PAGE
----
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Osteoporosis

Osteoporosis is a disease in which decreased bone strength increases the risk of having broken bones. Women become at more risk of developing osteoporosis as a result of aging and especially after menopause.

Bones that commonly break include the bones of the back, forearm and hip. Bones become weak and can break with and without traumatic events. When osteoporosis is diagnosed, treatment is recommended because the consequences of these fractures can significantly affect quality of life.

How is osteoporosis diagnosed?

The most widely recommended method of diagnosing osteoporosis is the dual-energy x-ray absorptiometry study, more commonly known as a DXA scan of the lumbar spine and hip. This test measures bone mineral density. When a DXA scan is done, a T-score is assigned. A T-score of less than -2.5 at any of the measured sites establishes the diagnosis. The diagnosis can also be made in the setting of a low-trauma fracture even if a DXA scan has not been done.

What are treatment options for osteoporosis?

There are many treatment options for osteoporosis. When making a decision about the best treatment option, the risk and benefits of therapy must be weighed. Medications are also selected based on route of delivery, cost, or insurance coverage.

  1. Oral Bisphosphonates (Fosamax, Actonel, Boniva). Bisphosphonates are usually suggested as first-line therapy. These are oral medications that prevent the breakdown of bone and result in increased bone mineral density and decreased bone turnover. Each of these medications differs in dose frequency but can be taken weekly or monthly. Most need to be taken on an empty stomach with a full glass of water and patients need to remain in sitting or standing position for at least 30 minutes after taking the medication in order to avoid irritation of the esophagus. Side effects of bisphosphonates may include muscle aches and pains, nausea, heartburn and digestive ulcers.
  2. Intravenous Bisphosphonates (Reclast, Boniva). Reclast is an IV infusion that is administered every 1 to 2 years. Patients with renal dysfunction are not candidates for this medication. When given intravenously, Boniva is administered every 3 months.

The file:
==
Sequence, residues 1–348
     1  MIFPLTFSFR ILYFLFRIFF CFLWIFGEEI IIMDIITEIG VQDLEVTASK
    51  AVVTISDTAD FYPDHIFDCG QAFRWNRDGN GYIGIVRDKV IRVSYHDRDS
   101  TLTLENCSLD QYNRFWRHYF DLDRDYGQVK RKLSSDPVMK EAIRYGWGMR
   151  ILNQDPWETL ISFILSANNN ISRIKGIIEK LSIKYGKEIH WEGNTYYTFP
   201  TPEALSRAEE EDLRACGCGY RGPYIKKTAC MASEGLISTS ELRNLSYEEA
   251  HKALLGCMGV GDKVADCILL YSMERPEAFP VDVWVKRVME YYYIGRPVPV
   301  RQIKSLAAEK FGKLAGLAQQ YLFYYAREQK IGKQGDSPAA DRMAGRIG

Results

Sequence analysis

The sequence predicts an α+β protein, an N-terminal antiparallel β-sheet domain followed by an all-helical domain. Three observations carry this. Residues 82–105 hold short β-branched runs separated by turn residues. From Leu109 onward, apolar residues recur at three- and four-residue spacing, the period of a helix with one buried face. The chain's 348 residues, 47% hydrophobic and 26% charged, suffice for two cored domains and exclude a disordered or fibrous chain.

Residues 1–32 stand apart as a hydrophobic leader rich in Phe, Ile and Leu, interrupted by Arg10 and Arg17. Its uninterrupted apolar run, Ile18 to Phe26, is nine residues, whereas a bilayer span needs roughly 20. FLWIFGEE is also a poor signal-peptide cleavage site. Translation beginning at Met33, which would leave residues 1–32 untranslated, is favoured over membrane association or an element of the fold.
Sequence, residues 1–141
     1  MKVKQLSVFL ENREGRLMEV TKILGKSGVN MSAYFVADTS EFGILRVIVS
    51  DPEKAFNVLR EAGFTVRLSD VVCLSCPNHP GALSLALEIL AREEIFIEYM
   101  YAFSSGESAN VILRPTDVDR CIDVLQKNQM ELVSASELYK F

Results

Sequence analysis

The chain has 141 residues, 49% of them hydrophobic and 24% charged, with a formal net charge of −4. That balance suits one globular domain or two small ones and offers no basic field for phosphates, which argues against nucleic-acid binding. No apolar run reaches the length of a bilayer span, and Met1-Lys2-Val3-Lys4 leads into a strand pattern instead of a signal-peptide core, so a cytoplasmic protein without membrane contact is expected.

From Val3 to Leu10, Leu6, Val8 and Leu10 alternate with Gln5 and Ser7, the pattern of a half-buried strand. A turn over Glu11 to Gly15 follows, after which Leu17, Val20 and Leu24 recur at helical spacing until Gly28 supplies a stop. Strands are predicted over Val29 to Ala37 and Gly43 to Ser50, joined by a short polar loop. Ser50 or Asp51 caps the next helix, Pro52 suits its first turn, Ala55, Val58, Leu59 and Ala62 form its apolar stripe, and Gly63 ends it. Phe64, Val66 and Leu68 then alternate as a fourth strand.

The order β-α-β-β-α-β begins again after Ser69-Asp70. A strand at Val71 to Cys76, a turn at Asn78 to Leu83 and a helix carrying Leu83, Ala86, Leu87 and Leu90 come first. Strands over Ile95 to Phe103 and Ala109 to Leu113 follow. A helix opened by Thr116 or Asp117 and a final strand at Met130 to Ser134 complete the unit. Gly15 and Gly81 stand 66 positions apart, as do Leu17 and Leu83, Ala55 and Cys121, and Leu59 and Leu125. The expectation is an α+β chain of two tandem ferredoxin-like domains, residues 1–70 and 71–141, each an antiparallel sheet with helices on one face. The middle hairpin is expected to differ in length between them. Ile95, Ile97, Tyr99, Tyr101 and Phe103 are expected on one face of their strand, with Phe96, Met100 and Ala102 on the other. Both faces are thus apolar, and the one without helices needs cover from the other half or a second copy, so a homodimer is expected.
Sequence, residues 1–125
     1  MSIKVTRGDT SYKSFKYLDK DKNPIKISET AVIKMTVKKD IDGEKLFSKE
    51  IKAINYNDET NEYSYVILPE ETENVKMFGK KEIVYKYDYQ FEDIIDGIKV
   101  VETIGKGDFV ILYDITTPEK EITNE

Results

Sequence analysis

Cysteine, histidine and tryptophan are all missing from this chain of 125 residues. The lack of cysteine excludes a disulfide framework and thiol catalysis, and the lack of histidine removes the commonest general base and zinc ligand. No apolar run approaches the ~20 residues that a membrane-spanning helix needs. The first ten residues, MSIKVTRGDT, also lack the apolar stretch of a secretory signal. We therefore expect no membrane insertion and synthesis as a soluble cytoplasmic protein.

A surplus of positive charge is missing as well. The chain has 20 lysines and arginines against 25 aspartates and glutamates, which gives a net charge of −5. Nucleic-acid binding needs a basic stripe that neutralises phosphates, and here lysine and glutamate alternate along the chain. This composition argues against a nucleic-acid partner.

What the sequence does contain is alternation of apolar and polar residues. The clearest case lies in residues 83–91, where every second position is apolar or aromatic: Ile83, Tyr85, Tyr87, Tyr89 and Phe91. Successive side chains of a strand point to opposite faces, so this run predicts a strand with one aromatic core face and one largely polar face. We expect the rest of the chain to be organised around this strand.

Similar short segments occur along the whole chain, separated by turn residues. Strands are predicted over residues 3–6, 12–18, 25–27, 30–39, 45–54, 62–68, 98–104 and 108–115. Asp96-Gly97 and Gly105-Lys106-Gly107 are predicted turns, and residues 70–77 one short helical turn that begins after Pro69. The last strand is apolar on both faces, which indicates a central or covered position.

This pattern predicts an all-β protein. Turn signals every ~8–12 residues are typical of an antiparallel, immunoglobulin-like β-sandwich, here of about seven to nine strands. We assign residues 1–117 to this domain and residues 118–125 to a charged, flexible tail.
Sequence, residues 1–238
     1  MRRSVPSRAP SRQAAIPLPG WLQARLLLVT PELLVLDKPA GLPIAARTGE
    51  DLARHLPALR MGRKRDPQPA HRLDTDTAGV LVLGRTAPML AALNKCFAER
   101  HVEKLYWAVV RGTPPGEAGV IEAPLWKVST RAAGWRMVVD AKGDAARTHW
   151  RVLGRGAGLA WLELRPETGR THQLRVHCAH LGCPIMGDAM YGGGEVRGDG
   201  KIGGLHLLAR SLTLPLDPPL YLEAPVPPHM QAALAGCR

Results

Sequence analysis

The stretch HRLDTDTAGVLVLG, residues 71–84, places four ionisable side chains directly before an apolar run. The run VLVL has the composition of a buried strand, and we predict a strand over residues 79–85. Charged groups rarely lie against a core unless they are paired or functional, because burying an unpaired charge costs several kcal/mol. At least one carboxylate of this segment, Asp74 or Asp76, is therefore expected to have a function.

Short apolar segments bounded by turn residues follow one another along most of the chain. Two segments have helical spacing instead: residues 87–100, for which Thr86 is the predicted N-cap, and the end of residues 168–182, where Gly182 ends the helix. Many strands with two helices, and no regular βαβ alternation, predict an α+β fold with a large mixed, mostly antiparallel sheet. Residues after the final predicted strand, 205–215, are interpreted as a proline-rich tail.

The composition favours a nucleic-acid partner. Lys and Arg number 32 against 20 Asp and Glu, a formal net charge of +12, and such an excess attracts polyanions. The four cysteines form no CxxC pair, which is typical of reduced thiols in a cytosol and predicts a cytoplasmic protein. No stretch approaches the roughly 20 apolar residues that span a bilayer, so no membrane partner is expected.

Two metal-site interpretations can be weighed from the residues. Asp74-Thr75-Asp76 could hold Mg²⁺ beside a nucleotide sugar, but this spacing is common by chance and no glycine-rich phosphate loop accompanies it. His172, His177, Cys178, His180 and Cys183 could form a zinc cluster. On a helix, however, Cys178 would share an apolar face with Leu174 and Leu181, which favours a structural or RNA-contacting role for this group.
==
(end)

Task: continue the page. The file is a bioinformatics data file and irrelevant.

3. Drugs That Bind to Estrogen Receptors (Raloxifene). This is an oral, daily medication that has been shown to decrease spine fractures and is most useful for those who are at lower risk for hip fractures. It has also been shown to be beneficial in the reduction of risk for invasive breast cancer in postmenopausal women and those who are at high risk of breast cancer. Raloxifene can increase symptoms of hot flashes, the risk of developing blood clots in the lung or legs, and the risk of stroke.
  4. RANK Ligand Inhibitor (Prolia). This medication is given to postmenopausal women with osteoporosis who are at high risk of fracture due to severe osteoporosis. It is administered via injection under the skin every 6 months.
  5. Parathyroid Hormone (Forteo). This is a daily subcutaneous injection that can only be used for 24 months. It is usually reserved for patients who have severe osteoporosis (T score of less than -3.5 or T- score of -2.5 or below plus history of fracture). Its side effects include nausea, dizziness, muscle cramps, and hypercalcemia.
  6. Calcitonin (Fortical, Miacalcin). This medication is administered in the form of a nasal spray or injection under the skin and should not be used until women have been menopausal for 5 years. Potential side effects include flushing and nausea with the injection and nasal irritation with the nasal spray.

Are there any lifestyle changes that can help?

Exercise and adequate intake of calcium and vitamin D are good complements to medical therapy. Women with osteoporosis should set a goal of 30 minutes of weight-bearing exercise three times per week. Women who are getting adequate calcium from their diet do not need to take calcium supplements. However, women with inadequate dietary intake should take calcium supplements so that their total daily calcium take is about 1200 milligrams. Women should also ingest a total of 800 international units of vitamin D daily. In addition, patients with osteoporosis should also avoid smoking and heavy alcohol use and secure their homes so that falls can be prevented.

What tests can be done to determine if treatment is helping?

The DXA can be repeated in 1 or 2 years after initiation of treatment in order to determine the effect of treatment.

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